Charlottesville and Sin

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Charlottesville, Virginia, serves as a sad commentary on race relations in America. We are as divided as ever over our past, our present, and our future. We are divided on a whole host of issues. Fair or not, some have attributed to President Trump the license for some to vent their putrid hate against their fellow Americans. As the long-time pastor of an increasingly cross-cultural, multi-generational historic church located in a multi-cultural community my heart is grieved to its core.

What are we to make of these developments? The Christian faith can assist culture at large by a recovery of the notion of "sin." Yes, that good, old fashioned word "sin." That word is more sophisticated than one might imagine. We are, all of us, sinners, alienated from the God who created us, alienated from the "true self" God desires for each of us and, therefore, alienated from each other. We cannot know each other because we do not even know ourselves or the God who created us.

Karl Menninger (1893-1990), the famous psychiatrist and founder of the Menninger Clinic, wrote a book in 1973 entitled, Whatever Became of Sin? Not necessarily known as a staunch Christian he noted that after years of study, research and the counseling of thousands of individuals, the only category he could find to account for all of the "psychoses" he saw in his patients was the Christian concept of sin.

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Sin, though somewhat mysterious as a concept, nevertheless has great explanatory power. Menninger then asked this searing question, if the notion of sin can account for so much of human tragedy, why were Christians running away from their own message and, therefore, the remedy? How does sin apply as an explanation for Charlottesville, Virginia?

Sin and identity politics have led "some" to believe that whites are superior to people of all other skin colors and therefore justified in their supremacist, nationalistic pride and anger; that blacks are superior and are therefore justified in their aggrieved hate; and that all of us are forever divided from each other.

Further, "some" whites are angry about "losing their country" and are therefore justified in any aggressive actions in order to reclaim it; "some" blacks are angry at losing a country that they never possessed in the first place and are, therefore, justified in any action that might be needed to reclaim a nation for themselves. All of this is sinful foolishness; it is contrary to biblical truth, especially Acts 17:26-27:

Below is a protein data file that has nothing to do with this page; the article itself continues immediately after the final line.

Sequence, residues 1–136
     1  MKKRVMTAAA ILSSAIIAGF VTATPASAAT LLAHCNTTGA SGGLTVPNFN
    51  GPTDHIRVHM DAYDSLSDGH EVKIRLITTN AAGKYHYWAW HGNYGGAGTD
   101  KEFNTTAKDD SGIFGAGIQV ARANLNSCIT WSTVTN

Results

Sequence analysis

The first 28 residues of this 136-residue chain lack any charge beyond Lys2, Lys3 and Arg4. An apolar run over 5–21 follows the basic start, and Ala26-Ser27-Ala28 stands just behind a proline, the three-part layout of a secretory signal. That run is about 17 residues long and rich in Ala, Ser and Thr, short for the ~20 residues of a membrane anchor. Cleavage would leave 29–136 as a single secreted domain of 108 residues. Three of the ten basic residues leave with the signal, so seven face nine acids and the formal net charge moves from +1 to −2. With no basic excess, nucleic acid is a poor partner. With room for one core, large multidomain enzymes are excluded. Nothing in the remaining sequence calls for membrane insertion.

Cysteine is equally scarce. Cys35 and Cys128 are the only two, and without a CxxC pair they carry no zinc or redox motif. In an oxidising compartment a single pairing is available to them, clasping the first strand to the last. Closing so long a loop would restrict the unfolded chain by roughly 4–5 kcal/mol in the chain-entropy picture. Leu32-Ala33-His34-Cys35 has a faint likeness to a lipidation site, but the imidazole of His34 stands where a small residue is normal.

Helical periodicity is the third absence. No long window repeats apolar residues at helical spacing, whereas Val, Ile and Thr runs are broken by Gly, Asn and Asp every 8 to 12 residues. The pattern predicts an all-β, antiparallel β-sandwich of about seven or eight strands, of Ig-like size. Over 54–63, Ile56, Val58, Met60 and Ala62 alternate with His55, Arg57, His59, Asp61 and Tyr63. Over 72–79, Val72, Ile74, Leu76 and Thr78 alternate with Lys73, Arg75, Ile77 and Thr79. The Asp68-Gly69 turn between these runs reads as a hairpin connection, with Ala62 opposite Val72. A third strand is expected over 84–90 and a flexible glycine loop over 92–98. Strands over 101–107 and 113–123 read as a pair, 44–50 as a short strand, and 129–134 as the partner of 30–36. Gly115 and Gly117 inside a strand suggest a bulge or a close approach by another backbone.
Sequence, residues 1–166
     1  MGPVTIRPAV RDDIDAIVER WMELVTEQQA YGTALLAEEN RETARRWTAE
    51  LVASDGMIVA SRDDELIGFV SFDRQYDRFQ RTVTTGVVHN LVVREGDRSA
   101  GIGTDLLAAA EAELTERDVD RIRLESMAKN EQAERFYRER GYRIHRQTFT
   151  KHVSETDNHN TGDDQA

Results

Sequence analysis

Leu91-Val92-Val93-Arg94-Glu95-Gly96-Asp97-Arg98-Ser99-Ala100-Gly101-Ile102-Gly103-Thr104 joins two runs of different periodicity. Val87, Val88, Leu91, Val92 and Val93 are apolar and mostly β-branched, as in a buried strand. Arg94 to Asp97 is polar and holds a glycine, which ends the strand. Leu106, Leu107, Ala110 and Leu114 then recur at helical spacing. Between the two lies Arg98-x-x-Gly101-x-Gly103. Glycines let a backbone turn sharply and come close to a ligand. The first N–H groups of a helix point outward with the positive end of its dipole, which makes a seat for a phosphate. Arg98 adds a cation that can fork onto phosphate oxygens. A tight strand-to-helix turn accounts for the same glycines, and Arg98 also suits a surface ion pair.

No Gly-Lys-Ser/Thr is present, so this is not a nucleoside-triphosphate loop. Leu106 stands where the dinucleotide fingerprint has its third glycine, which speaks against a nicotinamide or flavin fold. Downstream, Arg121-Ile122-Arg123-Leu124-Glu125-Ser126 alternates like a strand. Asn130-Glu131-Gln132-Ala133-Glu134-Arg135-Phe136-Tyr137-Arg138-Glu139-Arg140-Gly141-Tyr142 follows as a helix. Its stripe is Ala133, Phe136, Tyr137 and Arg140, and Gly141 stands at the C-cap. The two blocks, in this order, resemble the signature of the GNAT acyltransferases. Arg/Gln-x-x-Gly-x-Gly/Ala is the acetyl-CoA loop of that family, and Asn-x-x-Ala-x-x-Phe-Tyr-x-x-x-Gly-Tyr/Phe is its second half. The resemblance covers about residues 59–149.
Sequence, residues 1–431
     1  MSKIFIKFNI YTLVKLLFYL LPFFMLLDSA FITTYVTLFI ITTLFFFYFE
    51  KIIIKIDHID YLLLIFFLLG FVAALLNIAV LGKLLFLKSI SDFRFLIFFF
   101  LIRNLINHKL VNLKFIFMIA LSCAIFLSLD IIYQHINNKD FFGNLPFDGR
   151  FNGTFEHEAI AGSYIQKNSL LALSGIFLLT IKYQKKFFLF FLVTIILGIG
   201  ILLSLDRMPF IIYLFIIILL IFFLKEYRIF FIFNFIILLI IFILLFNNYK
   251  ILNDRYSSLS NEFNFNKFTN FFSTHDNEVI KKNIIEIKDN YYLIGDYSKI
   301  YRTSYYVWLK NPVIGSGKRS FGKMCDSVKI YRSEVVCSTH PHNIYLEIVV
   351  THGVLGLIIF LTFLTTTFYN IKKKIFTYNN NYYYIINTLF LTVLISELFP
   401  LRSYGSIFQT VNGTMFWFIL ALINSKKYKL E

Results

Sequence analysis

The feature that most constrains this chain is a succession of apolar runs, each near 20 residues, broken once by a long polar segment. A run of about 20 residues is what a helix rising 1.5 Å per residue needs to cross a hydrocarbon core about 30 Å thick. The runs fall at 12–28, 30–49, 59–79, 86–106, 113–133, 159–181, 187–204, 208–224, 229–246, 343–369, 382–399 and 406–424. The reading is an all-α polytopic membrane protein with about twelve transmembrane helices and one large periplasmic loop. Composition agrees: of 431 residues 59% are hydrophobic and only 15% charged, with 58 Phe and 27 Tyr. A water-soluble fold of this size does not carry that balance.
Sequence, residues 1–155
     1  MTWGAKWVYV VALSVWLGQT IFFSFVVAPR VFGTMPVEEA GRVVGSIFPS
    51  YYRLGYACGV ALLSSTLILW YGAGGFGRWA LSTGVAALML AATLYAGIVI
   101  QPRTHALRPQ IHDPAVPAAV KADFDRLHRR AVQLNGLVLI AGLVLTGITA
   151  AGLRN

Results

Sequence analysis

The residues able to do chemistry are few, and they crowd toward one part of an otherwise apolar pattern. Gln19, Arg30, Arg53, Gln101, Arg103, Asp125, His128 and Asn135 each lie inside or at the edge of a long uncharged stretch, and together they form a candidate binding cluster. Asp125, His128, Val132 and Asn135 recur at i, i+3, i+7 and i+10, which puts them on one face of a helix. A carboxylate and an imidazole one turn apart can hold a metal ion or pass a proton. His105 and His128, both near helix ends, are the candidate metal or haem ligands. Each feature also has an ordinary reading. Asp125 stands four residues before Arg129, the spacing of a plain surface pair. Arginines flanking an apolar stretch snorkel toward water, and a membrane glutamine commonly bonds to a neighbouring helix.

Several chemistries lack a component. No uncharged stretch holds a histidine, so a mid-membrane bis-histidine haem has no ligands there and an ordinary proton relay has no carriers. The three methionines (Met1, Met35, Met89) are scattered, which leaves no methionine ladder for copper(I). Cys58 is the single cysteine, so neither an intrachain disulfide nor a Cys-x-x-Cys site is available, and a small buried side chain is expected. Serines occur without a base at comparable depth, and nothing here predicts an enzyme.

"And He (God) made from one man every nation of mankind to live on all the face of the earth, having determined allotted periods and the boundaries of their dwelling place, that they should seek God, and perhaps feel their way toward him and find him. Yet He (God) is actually not far from each one of us..."

God made one humanity not multiple humanities. Sin entered the scene as God's creatures sought to supplant the "godness of God." Those whom God created wanted to play God. We want to be our own gods, ruling ourselves and the lives of others. (For example, slavery is playing God.) Alienation and condemnation resulted.

Alienated from our Creator God, we divide to conquer and rule. God was and is displeased. It is the judgment of the Tower of Babel in retro. Having rejected the God who made us we also reject all those whom God has made, especially if those persons are perceived to be not "like" us. Thus, sinful tribalism raises its ugly head.

Rather than have genuine discussions and civil arguments — even divisions — over real, moral and truth issues, we divide over group identity, shallow political ideologies, and simplistic, surface issues.

The true dividing line in America is not skin color or nationality, but whether or not we have embraced the God who created us and the reconciling gospel of Jesus Christ. There is no room for racial superiority and there is no room for social anarchy or identity politics. These are all sorry substitutes for our true identity as part of God's good creation.

As the late Russian dissident Aleksandr Solzhenitsyn(1918-2008) once noted in his infamous 1978 Harvard Commencement address, the dividing line between good and evil does not run between east and west, through white and black, or through nationality, but runs right through every human heart. We are all sinners, alienated from God and isolated from each other.

Just as the Christian faith can offer an analysis of the sinfulness of Charlottesville so, too, can it offer a remedy in the good news. Only the gospel can remedy this deep-seated problem. The gospel liberates us from sin and renews the "true self," obliterates our alienation from our Creator God and, in the end, reconciles us with others equally created in God's image.

My high school history teacher (RIP Mrs. Brocket) once told all of her students that none of us could afford to be prejudiced because ultimately we all come from one line of ancestry. How true this is. (Eph. 2:11-22) There is no room for racial arrogance or racial anarchy. This is why gospel people must be preaching and living the truth that in Jesus Christ we are one new man. Shame on us when we don't. Until that day dawns the struggle for gospel unity and reconciliation continues.

Dr. Kevin Shrum is pastor of Inglewood Baptist Church and Assistant Part-time Professor of Religious Studies at Union University, Hendersonville Campus

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